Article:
Cotrimoxazole in Zambian Infants (TZI)
The treatment of pneumonia is fraught with complications in areas where there is a high rate of HIV infection. The World Health Organization (WHO) and the Joint United Nations Program on HIV/AIDS (UNAIDS) recommends that, in areas of high HIV prevalence, infants be provided with the antibiotic co-trimoxazole as a prophylactic treatment against the most common opportunistic infection afflicting HIV-infected children, Pneumocystis jiroveci pneumonia (PCP). Because it is technically difficult and costly to determine which infants are HIV-infected until they are 12 to 15 months old, this treatment must be given to all children who are HIV-exposed, meaning those born to mothers who are HIV-positive but have indeterminate HIV status. An important problem with this approach is that widespread use of a broad-spectrum antibiotic such as co-trimoxazole may produce antibiotic resistance to other pathogens that themselves are also significant causes of pneumonia or sepsis.
To better understand the effect of co-trimoxazole on the resistance among pathogens such as S. pneumoniae, Drs. Chris Gill, Davidson Hamer, William MacLeod, and Donald Thea of the Center for Global Health & Development, and collaborators at the Tropical Diseases Research Centre in Ndola, Zambia, implemented a study among a group of Zambian infants exposed to HIV who had received co-trimoxazole prophylaxis. While co-trimoxazole use suppressed colonization of S. pneumoniae by about 7%, within six weeks of starting the medication they were more than three times as likely as to be colonized by co-trimoxazole-resistant pneumococci in their throat and nasal cavities. In addition, they were almost twice as likely as other infants to be colonized with bacteria resistant to clindamycin.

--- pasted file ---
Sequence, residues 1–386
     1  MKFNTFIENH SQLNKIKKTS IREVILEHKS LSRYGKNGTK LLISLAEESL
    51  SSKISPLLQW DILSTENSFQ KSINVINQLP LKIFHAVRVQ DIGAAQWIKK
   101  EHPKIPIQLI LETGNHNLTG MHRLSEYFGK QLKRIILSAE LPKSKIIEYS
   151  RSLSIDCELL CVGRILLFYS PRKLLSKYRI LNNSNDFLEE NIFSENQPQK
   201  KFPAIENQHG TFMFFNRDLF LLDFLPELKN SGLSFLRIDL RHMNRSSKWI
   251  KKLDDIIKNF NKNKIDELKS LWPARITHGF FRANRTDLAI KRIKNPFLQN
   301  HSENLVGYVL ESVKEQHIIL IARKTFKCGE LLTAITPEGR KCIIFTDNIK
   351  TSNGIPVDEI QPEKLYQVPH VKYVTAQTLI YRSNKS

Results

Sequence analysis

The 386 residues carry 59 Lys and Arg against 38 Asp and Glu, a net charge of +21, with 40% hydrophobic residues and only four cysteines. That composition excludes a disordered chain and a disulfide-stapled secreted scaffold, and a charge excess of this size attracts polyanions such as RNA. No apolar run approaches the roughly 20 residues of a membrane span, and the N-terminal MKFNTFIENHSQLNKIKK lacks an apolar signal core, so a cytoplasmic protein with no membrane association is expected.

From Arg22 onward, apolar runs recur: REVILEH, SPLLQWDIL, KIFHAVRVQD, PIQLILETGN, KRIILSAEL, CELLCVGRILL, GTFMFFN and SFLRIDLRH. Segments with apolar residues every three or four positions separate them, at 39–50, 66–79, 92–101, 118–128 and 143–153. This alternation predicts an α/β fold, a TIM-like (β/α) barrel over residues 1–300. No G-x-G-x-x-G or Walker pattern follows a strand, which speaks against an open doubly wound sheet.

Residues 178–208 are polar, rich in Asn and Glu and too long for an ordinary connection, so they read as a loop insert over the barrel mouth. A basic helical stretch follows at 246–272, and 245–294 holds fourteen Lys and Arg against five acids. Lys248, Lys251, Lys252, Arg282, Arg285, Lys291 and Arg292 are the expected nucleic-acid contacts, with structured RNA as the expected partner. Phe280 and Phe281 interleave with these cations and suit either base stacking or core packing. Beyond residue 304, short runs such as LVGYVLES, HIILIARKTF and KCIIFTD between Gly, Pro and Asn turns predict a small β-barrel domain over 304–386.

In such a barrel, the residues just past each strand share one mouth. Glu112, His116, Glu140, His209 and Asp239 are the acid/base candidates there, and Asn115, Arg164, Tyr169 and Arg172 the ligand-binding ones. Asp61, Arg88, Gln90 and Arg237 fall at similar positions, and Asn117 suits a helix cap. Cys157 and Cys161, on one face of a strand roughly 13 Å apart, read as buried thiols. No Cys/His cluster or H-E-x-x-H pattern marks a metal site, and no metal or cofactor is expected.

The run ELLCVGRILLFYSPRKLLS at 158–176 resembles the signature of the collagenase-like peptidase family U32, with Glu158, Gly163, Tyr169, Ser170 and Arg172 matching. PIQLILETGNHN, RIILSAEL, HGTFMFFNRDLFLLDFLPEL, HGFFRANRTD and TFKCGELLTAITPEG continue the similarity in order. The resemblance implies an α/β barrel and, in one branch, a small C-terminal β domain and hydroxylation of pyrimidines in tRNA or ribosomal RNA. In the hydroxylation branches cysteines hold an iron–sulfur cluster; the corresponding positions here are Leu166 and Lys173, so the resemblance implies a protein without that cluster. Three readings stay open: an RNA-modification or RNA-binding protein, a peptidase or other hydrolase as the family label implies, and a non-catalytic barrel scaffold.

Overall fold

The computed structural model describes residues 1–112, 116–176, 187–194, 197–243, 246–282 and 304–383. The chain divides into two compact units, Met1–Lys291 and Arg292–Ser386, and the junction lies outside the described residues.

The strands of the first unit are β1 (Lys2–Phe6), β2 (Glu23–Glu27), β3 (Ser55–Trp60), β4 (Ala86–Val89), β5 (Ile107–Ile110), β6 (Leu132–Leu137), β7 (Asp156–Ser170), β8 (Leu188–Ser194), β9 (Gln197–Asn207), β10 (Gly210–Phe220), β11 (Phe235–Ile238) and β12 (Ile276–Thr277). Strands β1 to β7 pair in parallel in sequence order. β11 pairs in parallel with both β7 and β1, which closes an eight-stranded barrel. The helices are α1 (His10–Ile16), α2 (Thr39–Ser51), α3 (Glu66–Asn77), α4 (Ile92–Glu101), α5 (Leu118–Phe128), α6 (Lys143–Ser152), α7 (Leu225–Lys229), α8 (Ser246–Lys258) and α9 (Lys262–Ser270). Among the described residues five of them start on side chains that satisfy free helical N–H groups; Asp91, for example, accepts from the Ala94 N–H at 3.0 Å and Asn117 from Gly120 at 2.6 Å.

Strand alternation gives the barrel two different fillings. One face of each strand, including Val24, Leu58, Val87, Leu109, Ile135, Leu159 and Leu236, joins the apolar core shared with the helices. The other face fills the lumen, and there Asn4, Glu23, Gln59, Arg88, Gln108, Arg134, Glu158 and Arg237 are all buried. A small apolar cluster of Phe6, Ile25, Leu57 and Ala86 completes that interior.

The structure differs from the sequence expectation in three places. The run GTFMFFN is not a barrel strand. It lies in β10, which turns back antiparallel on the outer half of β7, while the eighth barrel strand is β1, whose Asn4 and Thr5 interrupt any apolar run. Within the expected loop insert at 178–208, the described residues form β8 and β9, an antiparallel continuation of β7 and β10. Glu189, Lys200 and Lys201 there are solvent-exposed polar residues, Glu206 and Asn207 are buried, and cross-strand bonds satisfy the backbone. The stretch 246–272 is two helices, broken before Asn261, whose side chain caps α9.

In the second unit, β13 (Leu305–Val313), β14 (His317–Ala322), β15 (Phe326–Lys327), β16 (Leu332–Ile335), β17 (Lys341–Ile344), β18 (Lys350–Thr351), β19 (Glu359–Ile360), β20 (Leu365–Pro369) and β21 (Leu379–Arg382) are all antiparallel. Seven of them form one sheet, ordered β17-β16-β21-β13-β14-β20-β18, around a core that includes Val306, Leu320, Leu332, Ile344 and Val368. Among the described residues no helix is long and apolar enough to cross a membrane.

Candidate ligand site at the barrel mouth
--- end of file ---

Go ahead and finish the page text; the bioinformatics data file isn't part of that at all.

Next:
The policy implications of these findings are not yet clear. Minimizing the unnecessary exposure of children to co-trimoxazole and thereby diminishing the prevalence of resistant S. pneumoniae is an important public health goal. Programs of early infant diagnosis, which are becoming more widespread, will help minimize the number of children with unknown infection status who will need to be given prophylaxis with co-trimoxazole.
Boston University is a member of the World Health Organization Collaborating Center on Pharmaceutical Policy (WHOCCP).
This project is one activity of the CGHD’s Child and Family Applied Research project (CFAR).
|Principal Investigator||Christopher Gill|
|Boston University Co-Investigators||Davidson Hamer, William MacLeod, Donald Thea|
|Collaborators||Tropical Diseases Research Centre, Ndola|
|Dates of Research||2003 – 2004|